When was the last time you reviewed your business processes? Businesses often add more and more to their business requirements and processes over time. As a result, they get bloated and expensive.
How have the business requirements evolved since you last redesigned the process? Has the need for specific data has diminished or disappeared? How would you design processes differently today?
When you go through this process, you will often find waste in terms of expenses that are happening but may not be required. You may also find that there are people doing work that is not required, thus their position is not needed.
Take Overdue Personnel Actions
At my former accounting firm, we all knew who the bottom 10% of performers were. However, we kept these people on because we mostly had the work. Now is the time to take action on employees who are not performing. These are often the ones who spend time in the halls, organize office parties, or whose job got drastically easier because of some new technology.
As mentioned above, there are many people in the job market. Now also is a great time to eliminate someone whose salary has gotten bloated and replace them with someone whose salary demands are more in line with the market place.
After dealing with your less-than-busy and over-paid employees, you’ll need to take the personnel action you have most likely been avoiding: terminating the underperformers. Unfortunately, unless an owner is willing to take a significant pay cut themselves, there is no room for underperforming employees.
Ideas to Cut 30%
A business is unlikely to find 30% cost savings by merely looking at incremental savings and headcount alone. For instance, if a restaurant like McDonald’s would cut 30%, they would be eliminating either breakfast or dinner. This is a fundamental change in how one does business.
Talk with your Landlord
Businesses that need to cut 30% don’t need the same amount of space. Either the business isn’t selling as many products, or they aren’t providing the same services. Now is the time to reach out to your landlord to renegotiate your space. Landlords are a lot more willing to work with companies now then they were a few years ago. Faced with the prospect of open space, landlords would rather work to ensure that you stay in business.
Some businesses may have 3 sales employees to cover different areas of the country. Now may be the time to reduce this to two territories and make cuts in your sales department.
If you have two geographical departments responsible for the same things, it may be time to eliminate one. For instance, if you have a marketing manager in Denver and Omaha, it might be time to do all marketing out of one location.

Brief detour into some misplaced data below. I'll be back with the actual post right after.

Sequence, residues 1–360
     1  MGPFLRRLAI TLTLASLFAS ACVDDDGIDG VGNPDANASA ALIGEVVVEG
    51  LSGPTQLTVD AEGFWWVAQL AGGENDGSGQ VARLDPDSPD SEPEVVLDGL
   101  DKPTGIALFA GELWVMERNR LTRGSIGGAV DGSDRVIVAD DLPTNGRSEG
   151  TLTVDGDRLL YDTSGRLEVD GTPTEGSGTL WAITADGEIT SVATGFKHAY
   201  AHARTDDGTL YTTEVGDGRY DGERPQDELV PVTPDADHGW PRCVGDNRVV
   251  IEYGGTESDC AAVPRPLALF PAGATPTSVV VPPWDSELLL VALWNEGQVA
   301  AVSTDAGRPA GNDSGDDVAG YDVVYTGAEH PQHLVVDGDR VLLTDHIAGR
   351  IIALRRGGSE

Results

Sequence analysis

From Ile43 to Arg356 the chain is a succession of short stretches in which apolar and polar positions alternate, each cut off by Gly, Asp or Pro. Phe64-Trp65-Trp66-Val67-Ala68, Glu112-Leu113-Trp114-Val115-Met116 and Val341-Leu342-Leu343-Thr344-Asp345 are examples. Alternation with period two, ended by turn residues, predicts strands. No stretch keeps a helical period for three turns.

Consider Market Opportunities for Consolidation
Most people needing to make drastic cuts to their business don’t feel like looking around the market to buy a competitor. However, that might be a better answer if you don’t want to reduce or restructure your organization.
Often when buying a competitor, you can find efficiencies between the organization. For instance, you can consolidate the accounting, marketing, and sales. You may also be able to create some economies of scale and reduce other expenses.
There are some great business deals available. Many owners are looking to exit now when faced with the stress of persevering the next 12-18 months. If you are one owner who is confident about the long-term, now may be the time to take advantage of short term conditions.
Don’t Let the Market Dictate your Cost Cuts
Cost-cutting is never fun. However, those businesses that wait and don’t plan will often have the cost-cutting dictated to them. This occurs when a bank, landlord, or key vendor tells them what they need to do to keep the relationship.
A business owner needs to use tools such as budgets, financial statements, and outsrouced CFO services to help them through this process. Start this process now. Don’t worry about making it all the way their initially. Know that by starting the process now, you can reach your goal through an iterative process.
The only thing worse than being forced to implement administrative cost cuts personally is being forced to implement ones you know you will regret in a month. Planning, strategy, and proper assistance can help you come out of this process more robust.
About Krieger Analytics
My name is Matt Krieger, and I am the founder of Krieger Analytics, an accounting and advisory partner for small businesses and franchisors. Our goal is to completely outsource your accounting department from bookkeeping and taxes to CFO advisory services. I am also the owner and franchisor of a concept called Monkey Bizness, in Denver, Colorado.
As a small business owner with a background in finance and strategy, I realized the benefits that a CFO could bring to smaller organizations. Most franchisors and small business owners don’t have a need (or budget) for a full-time CFO or bookkeeper. To better fit my clients, Krieger Analytics is a part-time resource. While most think of CFO’s being involved in finance and accounting (we are), we are also involved in much more. We partner with clients by coaching, giving them clarity into their business, and creating growth strategies. Conversations are free, so don’t hesitate to reach out to me at email@example.com.